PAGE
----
Ruth Prawer Jhabvala. A few years before Merchant-Ivory entered its artistic heyday of the 1980s and 90s, it released “THE EUROPEANS”, an adaptation of Henry James’ 1878 short novel, “The Europeans: A Sketch”

Set in antebellum Massachusetts in either 1849 or 1850, “THE EUROPEANS” begins with the arrival of an European visitor named Felix Young, who is in the United States to visit his American cousins, the Wentworths. The first member of the family he meets is Gertrude Wentworth, who is shirking attendance at church. Felix eventually meets the rest of the family – patriarch Mr. Wentworth, Charlotte and the youngest member, Clifford. He also meets Mr. Brand, the local minister who hopes to marry Gertrude. Felix’s sister, Eugenia Munster, arrives the next day. Not only does she meet the Wentworths and Mr. Brand; but also Robert and Lizzie Acton, a brother and sister who happen to be neighbors of the Wentworths.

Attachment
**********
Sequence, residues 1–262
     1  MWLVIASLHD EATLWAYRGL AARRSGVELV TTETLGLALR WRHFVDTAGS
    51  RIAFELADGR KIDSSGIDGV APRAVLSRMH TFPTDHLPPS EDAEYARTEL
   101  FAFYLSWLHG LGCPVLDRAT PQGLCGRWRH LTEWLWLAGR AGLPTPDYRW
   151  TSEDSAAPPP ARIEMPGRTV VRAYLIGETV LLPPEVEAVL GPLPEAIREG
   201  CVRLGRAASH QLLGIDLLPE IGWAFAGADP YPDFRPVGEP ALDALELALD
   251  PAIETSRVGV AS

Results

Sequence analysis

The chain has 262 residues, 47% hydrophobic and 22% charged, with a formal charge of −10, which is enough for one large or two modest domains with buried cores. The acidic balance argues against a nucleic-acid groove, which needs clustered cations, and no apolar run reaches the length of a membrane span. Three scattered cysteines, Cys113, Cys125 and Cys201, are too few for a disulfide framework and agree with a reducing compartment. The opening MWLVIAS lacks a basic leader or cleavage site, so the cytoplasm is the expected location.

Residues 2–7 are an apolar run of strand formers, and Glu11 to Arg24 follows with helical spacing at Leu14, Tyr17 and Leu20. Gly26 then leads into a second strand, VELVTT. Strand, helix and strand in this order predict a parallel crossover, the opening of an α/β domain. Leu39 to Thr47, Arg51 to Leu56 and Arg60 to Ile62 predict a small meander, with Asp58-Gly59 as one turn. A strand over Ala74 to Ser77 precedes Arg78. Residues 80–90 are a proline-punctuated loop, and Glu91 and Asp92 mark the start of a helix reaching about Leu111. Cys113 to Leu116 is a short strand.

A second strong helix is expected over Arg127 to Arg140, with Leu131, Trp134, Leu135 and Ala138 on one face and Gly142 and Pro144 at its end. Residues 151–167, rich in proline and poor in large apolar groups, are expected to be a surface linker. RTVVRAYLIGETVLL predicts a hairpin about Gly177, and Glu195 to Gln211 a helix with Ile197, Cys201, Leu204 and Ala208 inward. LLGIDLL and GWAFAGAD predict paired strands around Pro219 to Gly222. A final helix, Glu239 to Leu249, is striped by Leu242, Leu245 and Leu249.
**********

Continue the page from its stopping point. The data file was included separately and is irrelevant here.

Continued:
It is apparent that Gertrude has not only become enamored of her European cousins’ lifestyle, but especially Felix. Meanwhile, Eugenia and Robert have grown increasingly attracted to one another. However, Eugenia is reluctant to sign the divorce papers that would signal the end of her morganatic marriage to Prince Adolf of Silberstadt-Schreckenstein, whose family wants the marriage to end for political reasons. Despite Eugenia’s marriage and her obvious dislike of her cousins’ Unitarian society, she managed to become attracted to Robert . . . much to his sister Lizzie’s distaste. As for Felix, he and Gertrude become romantically involved. Unfortunately, the Wentworths are not thrilled by this new development between the distant cousins. All of them expect Gertrude to marry Mr. Brand – including Charlotte, who happens to be in love with the minister. The story ends up as a clash between 19th century European and American sensibilities and culture; and also a series of love stories or subplots that feature family disapproval, procrastination and bad communication.